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Frankfurt show: Mercedes-Benz teases self-driving car

Class act: Mercedes-Benz used an autonomous version of the S-Class to retrace the 125th anniversary of the first road trip in a motor vehicle.

Autonomous Mercedes S-Class retraces historic drive in show of tech’s strength

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Mercedes-Benz logo11 Sep 2013

MERCEDES-Benz has retraced the route of one of the first trips in a motor vehicle, but this time around it was the car – not the driver – doing all the work.

The German luxury car-maker today revealed a self-driving version of the S-Class limousine that had made the 100-kilometre trip from Mannheim to Pforzheim, retracing the 100km route driven by Bertha Benz, the wife of the inventor of the automobile, Karl Benz, 125 years ago.

However, instead of contending with horses and carts, unsealed roads and buying supplies of kerosene from chemist shops, the modern-day trip had to contend with heavy traffic, red lights, roundabouts, pedestrians, cyclists and trams.

“It should be noted that this trailblazing success was not achieved using extremely expensive special technology, but with the aid of near-production-standard technology, very similar to that already found in the new E and S-Class,” Mercedes-Benz said.

“The project thus marks a milestone along the way that leads from the self-propelled (automobile) to the self-driving (autonomous) vehicle.”

Benz used a version of its S500 limousine equipped with Intelligent Drive, using off-the-shelf equipment to build a view of the world around the car. It also used newly developed software called “Route Pilot” to help the car find its way.

Instead of taking the autobahn, Mercedes-Benz opted to take the more difficult route through suburban streets.

"This S-Class spells out where we're headed with "Intelligent Drive" and what tremendous potential there is in currently available technology," Mercedes-Benz head Dieter Zetsche said.

"Of course, it would have been a lot easier to take the autobahn for the autonomous drive from Mannheim to Pforzheim,” Dr Zetsche said.

“But there was a special motivation for us to carry out this autonomous drive along this very route 125 years after Bertha Benz. After all, we wouldn't be Mercedes-Benz unless we set ourselves challenging goals and then went on to achieve them."Mercedes-Benz said developers taught the technology platform to know where it was, what it was seeing and how to react autonomously.

"For us, autonomous vehicles are an important step on the way to accident-free driving," Dr Zetsche said.

"They will bring greater comfort and safety for all road users. That's because autonomous vehicles also react when the driver is inattentive or fails to spot something.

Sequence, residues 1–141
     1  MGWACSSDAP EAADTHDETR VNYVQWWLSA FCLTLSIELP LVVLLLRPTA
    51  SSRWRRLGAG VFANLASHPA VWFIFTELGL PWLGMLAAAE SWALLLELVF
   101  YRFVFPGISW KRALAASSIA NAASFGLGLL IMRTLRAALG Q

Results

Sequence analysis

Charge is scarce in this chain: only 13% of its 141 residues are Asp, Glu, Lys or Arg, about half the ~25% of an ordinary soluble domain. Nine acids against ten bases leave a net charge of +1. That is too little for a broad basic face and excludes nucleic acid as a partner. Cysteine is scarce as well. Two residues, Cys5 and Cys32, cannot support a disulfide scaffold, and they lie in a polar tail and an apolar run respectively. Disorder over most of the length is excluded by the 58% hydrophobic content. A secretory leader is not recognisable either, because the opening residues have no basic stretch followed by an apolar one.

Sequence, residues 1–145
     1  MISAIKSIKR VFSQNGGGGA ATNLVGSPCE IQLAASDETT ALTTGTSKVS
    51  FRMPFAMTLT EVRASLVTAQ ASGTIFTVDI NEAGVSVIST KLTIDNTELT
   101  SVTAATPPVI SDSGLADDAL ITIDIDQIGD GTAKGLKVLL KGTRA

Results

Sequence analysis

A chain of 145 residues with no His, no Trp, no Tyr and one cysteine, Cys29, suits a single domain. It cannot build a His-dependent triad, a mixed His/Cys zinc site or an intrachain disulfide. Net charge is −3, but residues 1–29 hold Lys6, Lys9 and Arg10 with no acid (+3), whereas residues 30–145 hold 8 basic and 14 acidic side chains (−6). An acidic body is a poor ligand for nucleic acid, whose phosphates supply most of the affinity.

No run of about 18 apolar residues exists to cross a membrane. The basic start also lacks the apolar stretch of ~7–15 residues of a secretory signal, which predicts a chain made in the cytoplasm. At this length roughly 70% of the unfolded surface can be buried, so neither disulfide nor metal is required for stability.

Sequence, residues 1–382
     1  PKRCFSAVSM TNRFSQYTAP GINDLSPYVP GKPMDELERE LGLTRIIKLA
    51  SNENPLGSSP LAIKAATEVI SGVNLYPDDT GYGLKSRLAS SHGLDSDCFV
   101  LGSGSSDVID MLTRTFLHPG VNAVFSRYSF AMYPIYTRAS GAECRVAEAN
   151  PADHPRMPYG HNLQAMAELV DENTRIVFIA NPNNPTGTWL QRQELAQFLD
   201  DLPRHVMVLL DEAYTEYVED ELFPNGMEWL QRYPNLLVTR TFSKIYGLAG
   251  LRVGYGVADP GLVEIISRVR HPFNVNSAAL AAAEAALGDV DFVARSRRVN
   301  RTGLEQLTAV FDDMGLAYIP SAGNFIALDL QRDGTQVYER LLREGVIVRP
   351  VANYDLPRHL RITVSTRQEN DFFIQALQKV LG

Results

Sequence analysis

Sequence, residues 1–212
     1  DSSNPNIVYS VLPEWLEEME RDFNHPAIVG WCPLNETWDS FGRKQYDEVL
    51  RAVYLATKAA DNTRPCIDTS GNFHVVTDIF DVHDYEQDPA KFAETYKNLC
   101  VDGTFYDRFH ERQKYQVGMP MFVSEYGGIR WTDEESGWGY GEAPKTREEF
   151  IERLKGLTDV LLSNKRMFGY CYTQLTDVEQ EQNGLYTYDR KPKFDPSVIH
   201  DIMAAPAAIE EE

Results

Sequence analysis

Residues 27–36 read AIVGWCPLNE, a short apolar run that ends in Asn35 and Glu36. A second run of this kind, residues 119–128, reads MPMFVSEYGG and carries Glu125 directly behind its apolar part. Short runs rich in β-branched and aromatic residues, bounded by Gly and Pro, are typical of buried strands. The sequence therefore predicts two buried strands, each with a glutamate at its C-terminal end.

“On top of that, they relieve the driver of tedious or difficult tasks while at the wheel."Mercedes-Benz Cars development head Thomas Weber said the S-Class was the first car to drive autonomously during traffic jams.

“We also want to be the first to bring other autonomous functions in series production vehicles,” he said. “You can expect that we will reach this goal within this decade.”

He said Mercedes-Benz’s development work on autonomous driving would not come overnight, but would be realised in stages.

“With this drive, we've now taken another important step into the future," Prof Weber said.

The core of the autonomous Mercedes-Benz is the car-maker’s Distronic Plus system that can keep the car a set distance from the vehicle in front, and even automatically jump on the brakes for the driver to avoid a crash. It is tied in with active steering and the car’s stop-and-go system that can automatically bring the car to a complete stop in traffic, and take off again when the driver touches the accelerator pedal.

The car was modified slightly to increase the distance between a pair of cameras mounted behind the rear-vision mirror to give the S-Class a better depth perception so it could judge distances more accurately.

Engineers also added pair of long-range radars at the front of the vehicle to detect oncoming traffic at T-intersections, as well as a rearward-facing one.

Short-range sensors were added at each corner of the vehicle to increase its awareness of what was around it.

Meanwhile, a forward-facing colour camera was used to monitor traffic lights, while a rear-facing camera picked out predefined landmarks to help the car confirm where it was in the world more accurately than the GPS system would allow.

It wasn’t all a dream run for the S-Class, though. Mercedes-Benz said the drive showed it still needs to do more work on recognising traffic lights – an engineer was behind the wheel of the car ready to take control at any time – and roundabouts presented a unique set of problems.

At times, too, it was a bit of a laugh as the car tried to make sense of a situation by taking the most cautious approach.

"This sometimes results in comical situations, such as when, having stopped at a zebra crossing, the vehicle gets waved through by the pedestrian – yet our car stoically continues to wait, because we failed to anticipate such politeness when we programmed the system," Daimler Group Research and Advance Development head of driver assistance and suspension systems, Ralf Herrtwich, said.

Car-makers are stepping up the race to develop an autonomous vehicle. Volvo says it will develop what it calls an uncrashable car by 2020, while Nissan announced earlier this month that it would also have a self-driving car by the end of the decade.

However, it is not without its challenges. Honda recently scored a four-star crash rating for its Accord despite the newly-designed large car rolling out a raft of driver-assist technologies to give it a safety edge over competitors.

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